IBM pouring $200m into Munich Watson IoT HQ and blockchain

5 Oct 2016

Neuhauser Street, Munich. Image: anshar/Shutterstock

IBM is investing big time in IoT once again. As part of a worldwide $3bn investment in this field, the company will put $200m towards its Watson IoT global HQ in Munich, Germany.

IBM made the southern German city its new global internet of things (IoT) headquarters towards the end of last year, and now the hub is set to receive one of the company’s largest ever investments in Europe.

In announcing the new funding for the centre’s operations, IBM said it was in response to escalating demand from customers, who are looking to overhaul their business using a combination of IoT and AI technologies.

IBM’s supercomputer Watson is perhaps one of the most famous names in AI today. It has been improved upon year-by-year and aims to be one of the most influential technologies in business, while also engaging in some fun endeavours.

With this new funding, the Watson IoT headquarters will be home to the first ever cognitive IoT Collaboratories. This is a collective effort between IBM’s 1,000 Munich-based researchers and business experts to develop the automotive, electronics, manufacturing, healthcare and insurance industries.

IBM Watson infographic

Infographic: IBM

“IBM is making tremendous strides to ensure that businesses around the world are able to take advantage of this incredible period of technological transformation and develop new products and services that really change people’s lives,” said Harriet Green, the global head of IBM’s Watson IoT business.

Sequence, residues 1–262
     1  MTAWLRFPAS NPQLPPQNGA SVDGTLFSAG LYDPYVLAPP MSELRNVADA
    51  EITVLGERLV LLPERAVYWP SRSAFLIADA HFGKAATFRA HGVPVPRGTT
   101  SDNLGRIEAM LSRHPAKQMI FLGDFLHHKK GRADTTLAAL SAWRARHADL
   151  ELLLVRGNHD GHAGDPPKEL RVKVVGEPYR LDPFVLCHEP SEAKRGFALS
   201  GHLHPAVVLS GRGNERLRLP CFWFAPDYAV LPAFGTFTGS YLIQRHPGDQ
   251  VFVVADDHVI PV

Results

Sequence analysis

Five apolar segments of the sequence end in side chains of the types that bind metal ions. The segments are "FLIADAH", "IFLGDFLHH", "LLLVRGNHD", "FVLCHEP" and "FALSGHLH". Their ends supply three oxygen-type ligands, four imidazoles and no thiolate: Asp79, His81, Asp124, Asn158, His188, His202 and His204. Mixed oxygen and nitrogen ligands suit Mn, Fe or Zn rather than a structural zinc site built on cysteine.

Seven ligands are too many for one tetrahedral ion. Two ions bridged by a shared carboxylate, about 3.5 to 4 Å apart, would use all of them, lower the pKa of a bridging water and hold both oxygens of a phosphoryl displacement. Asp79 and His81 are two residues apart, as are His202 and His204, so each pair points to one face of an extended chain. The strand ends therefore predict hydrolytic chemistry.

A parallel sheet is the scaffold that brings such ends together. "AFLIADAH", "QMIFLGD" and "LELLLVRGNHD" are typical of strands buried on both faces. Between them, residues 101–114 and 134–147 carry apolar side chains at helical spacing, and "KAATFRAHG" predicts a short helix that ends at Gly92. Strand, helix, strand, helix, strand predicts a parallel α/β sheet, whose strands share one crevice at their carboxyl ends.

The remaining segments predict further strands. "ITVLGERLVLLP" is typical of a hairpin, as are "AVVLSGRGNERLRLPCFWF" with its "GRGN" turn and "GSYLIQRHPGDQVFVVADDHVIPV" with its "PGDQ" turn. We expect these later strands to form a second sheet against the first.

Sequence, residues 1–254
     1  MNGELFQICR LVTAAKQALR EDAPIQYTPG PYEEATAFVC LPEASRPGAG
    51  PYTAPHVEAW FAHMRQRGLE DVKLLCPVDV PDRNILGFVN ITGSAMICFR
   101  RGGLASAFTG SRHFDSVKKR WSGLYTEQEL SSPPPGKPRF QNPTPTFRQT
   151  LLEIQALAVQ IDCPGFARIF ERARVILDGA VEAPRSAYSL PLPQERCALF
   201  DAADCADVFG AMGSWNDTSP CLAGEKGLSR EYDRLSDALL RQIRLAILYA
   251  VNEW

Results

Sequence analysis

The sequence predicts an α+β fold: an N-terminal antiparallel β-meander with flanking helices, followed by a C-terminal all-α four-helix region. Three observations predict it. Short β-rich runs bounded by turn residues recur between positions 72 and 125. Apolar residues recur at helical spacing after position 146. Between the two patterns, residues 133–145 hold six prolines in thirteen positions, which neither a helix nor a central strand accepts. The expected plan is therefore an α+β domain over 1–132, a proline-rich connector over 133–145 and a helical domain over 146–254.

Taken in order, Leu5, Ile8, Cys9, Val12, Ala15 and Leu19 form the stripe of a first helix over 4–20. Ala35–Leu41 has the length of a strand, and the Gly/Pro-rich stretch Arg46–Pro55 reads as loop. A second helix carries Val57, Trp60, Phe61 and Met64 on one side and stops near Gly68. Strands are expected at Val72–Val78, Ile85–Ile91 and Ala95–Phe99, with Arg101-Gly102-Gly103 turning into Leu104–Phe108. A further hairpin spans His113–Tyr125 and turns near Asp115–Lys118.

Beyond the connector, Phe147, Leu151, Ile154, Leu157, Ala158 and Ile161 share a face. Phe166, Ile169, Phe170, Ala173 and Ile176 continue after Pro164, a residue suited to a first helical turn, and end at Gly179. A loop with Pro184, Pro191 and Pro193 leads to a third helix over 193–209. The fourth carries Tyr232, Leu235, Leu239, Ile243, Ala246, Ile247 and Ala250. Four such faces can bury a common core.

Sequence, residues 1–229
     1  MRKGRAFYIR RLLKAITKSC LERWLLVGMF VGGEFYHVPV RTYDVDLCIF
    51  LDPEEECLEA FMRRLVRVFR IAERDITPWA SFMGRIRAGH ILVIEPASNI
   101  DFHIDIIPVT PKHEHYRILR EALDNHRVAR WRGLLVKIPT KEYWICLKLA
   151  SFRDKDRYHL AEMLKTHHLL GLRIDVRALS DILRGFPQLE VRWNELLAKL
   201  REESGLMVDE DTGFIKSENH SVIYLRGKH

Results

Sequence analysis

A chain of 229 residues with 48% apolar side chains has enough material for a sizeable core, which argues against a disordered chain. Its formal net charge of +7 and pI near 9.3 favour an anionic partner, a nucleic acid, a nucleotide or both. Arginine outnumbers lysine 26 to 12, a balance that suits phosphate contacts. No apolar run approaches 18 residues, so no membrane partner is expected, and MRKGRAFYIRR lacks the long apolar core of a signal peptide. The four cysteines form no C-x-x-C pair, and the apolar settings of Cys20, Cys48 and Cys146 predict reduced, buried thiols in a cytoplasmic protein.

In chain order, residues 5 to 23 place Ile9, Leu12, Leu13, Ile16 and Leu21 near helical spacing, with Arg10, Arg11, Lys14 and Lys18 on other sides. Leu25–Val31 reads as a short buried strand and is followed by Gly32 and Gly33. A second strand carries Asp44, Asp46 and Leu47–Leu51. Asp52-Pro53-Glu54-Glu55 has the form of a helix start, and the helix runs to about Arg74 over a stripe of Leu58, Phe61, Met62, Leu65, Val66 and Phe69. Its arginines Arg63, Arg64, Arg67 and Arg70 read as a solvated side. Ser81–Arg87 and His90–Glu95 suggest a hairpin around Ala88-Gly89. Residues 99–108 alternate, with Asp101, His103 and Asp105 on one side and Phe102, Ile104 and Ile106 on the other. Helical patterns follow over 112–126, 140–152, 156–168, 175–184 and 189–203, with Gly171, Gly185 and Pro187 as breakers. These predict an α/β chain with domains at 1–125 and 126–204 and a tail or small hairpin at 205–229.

“Germany is at the forefront of the industry 4.0 initiative and by inviting our clients and partners to join us in Munich, we are opening up our talent and technologies to help deliver on the promise of IoT and establishing a global hotbed for collaborative innovation.”

IoT and blockchain merge

Among some of the new IoT offerings that IBM has added to Watson recently include a new capability that connects IoT data to blockchain.

The idea behind this is that businesses can share IoT data in a secure, private blockchain to reduce the costs and complexities of doing business across a network of people and goods.

The technology – which began as the transaction platform for bitcoin – is now widely considered the next evolutionary tool to be used in business transactions, but particularly within financial institutions.

Along with an updated natural language interface, Watson has also added a Cognitive IoT Cookbook. This will include new recipes for developers that contain code and best practice approaches for solving cognitive IoT challenges.

Colm Gorey was a senior journalist with Silicon Republic